The golfing head-to-head, which once would have been a real grudge match, took a step closer to reality when Mickelson told reporters it is likely to occur on November 23 or 24.
"As we firm up more and more details we'll let everybody know, but right now we know it's going to be Thanksgiving weekend for sure," he said on Thursday at the WGC-Bridgestone Invitational event at Firestone Country Club in Akron, Ohio.
Woods, 42, appeared to suggest the match was likely to happen, but said: "I haven't signed anything. Nothing is confirmed. When it is, I'll let you guys know."
The former arch-rivals, who have won 19 majors between them, have become increasingly friendly in recent years and seem keen to instigate the 18-hole exhibition match for which they would wear on-course microphones.
The match was first slated for early July, before falling through.
The stakes will be high: The reported winner-take-all purse of $10 million would payout more than five times what Masters winner Patrick Reed received in April.
It is unclear whether the players would stump up the money themselves or rely on corporate sponsors -- or whether each of their charities will be involved -- but Mickelson recently said: "No matter how much money you have, this amount will take both of us out of our comfort zone."
Mickelson, 48, has said it could turn into a regular exhibition event, in the same way that top tennis stars play each other away from the regular tour.
"As we've developed a good relationship, we've started to collaborate on some other things that have allowed us to achieve things that we couldn't do on our own," added Mickelson, who created a stir Thursday when his dancing in a video advert
for his clothing line went viral.
"Like this match. I couldn't do it on my own. He couldn't do it on his own. But together, we're [trying] to create something pretty special."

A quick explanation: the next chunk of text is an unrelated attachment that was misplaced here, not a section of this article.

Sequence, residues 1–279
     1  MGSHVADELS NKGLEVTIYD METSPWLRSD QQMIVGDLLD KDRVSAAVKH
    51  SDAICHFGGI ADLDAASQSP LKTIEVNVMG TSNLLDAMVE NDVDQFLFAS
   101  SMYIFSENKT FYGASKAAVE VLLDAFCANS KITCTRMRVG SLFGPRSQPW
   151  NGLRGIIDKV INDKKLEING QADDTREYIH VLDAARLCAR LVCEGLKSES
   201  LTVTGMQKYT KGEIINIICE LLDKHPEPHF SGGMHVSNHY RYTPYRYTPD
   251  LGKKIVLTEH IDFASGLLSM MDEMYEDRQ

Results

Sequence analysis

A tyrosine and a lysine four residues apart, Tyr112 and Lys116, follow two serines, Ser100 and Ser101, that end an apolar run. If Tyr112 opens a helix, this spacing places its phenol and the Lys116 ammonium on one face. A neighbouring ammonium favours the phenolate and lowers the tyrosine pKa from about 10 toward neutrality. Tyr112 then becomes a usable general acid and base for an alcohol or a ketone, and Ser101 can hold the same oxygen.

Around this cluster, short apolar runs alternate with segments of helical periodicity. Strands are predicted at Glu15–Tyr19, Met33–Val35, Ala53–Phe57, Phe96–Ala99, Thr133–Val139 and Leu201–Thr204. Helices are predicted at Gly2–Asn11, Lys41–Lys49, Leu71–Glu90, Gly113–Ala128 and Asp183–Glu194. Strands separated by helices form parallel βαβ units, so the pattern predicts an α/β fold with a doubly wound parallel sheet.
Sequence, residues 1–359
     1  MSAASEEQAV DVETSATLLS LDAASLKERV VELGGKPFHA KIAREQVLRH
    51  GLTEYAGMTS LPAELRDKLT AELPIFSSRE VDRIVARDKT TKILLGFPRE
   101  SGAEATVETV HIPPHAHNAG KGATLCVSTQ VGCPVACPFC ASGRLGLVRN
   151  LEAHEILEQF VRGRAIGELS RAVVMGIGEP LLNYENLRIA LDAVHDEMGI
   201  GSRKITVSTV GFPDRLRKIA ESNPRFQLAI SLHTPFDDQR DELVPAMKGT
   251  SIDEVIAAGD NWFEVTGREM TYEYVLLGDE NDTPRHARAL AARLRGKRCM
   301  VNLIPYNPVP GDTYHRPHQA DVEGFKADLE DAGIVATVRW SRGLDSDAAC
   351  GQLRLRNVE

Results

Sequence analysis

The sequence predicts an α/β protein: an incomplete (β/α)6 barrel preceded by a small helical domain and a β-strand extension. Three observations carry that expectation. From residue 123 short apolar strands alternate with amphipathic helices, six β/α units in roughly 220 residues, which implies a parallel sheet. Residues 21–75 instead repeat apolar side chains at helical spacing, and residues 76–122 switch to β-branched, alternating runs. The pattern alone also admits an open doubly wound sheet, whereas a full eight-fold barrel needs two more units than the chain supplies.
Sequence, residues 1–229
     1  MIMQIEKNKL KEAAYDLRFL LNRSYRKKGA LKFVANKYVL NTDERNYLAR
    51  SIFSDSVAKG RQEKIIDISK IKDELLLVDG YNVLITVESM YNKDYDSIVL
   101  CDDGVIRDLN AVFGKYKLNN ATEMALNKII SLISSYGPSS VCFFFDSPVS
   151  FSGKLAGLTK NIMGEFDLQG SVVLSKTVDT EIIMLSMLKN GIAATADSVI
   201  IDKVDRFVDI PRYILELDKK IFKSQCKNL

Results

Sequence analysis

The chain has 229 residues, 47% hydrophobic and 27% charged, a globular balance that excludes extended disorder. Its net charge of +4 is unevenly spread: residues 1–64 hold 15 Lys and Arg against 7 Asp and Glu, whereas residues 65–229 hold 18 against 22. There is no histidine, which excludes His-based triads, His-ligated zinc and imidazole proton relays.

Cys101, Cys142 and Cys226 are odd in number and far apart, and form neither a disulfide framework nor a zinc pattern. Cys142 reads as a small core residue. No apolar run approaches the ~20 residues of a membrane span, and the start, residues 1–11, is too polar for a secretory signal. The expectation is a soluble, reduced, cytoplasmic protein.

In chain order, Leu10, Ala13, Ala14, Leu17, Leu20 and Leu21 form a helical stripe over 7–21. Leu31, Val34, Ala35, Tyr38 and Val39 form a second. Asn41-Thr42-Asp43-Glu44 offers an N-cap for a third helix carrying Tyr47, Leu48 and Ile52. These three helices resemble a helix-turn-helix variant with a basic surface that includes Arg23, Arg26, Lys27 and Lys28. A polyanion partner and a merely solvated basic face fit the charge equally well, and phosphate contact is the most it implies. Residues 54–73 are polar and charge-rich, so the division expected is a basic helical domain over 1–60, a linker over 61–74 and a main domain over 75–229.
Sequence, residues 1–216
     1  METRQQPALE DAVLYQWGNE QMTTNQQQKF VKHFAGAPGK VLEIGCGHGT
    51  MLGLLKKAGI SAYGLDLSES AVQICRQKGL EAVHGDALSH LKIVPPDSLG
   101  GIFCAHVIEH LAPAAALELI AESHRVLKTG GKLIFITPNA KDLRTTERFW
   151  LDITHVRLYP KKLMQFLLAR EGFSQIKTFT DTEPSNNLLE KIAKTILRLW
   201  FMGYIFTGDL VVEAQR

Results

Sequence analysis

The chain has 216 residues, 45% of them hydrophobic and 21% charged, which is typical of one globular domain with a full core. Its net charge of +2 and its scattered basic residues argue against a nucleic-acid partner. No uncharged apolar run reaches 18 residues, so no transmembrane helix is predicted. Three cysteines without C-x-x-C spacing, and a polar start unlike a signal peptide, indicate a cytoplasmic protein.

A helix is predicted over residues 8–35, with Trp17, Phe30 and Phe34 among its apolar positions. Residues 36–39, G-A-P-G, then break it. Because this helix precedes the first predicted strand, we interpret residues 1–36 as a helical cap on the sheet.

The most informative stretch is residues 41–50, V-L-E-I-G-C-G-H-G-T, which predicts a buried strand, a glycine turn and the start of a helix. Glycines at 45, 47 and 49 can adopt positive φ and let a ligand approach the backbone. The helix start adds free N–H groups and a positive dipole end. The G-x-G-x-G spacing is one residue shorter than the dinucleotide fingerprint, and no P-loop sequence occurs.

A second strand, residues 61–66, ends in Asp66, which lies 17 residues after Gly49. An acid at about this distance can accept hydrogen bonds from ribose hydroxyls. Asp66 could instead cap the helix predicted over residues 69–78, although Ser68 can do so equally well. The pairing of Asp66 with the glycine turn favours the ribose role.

The duo have been rivals for much of their careers, with Mickelson a long-time number two to Woods' domination as world No.1.
Their relationship, frosty in their primes, has thawed in recent years as age and life experiences have brought them closer.
They stunned the world of golf by joining each other for a practice round at the Masters in April, and were paired for the first two rounds of the Players in May.
With Mickelson's first win in five years earlier this season, and Woods' resurgence from multiple back surgeries, the hype went into overdrive.
'Whatever makes him uncomfortable'
In a press conference ahead of the Players, renowned gambling fan Mickelson called out Woods
for a big-money match.
"The excitement that's been going on around here, it gets me thinking: 'Why don't we just bypass all the ancillary stuff of a tournament and just go head-to-head and just have kind of a high-stakes, winner-take-all match?" he said.
"Now, I don't know if he wants a piece of me, but I just think it would be something that would be really fun for us to do, and I think there would be a lot of interest in it if we just went straight to the final round."
When told of Mickelson's comments, Woods smiled and told reporters: "I'm definitely not against that. We'll play for whatever makes him uncomfortable."
Woods has won more than $111 million in prize money on the PGA Tour alone in his career, while Mickelson has banked over $87 million on the US circuit.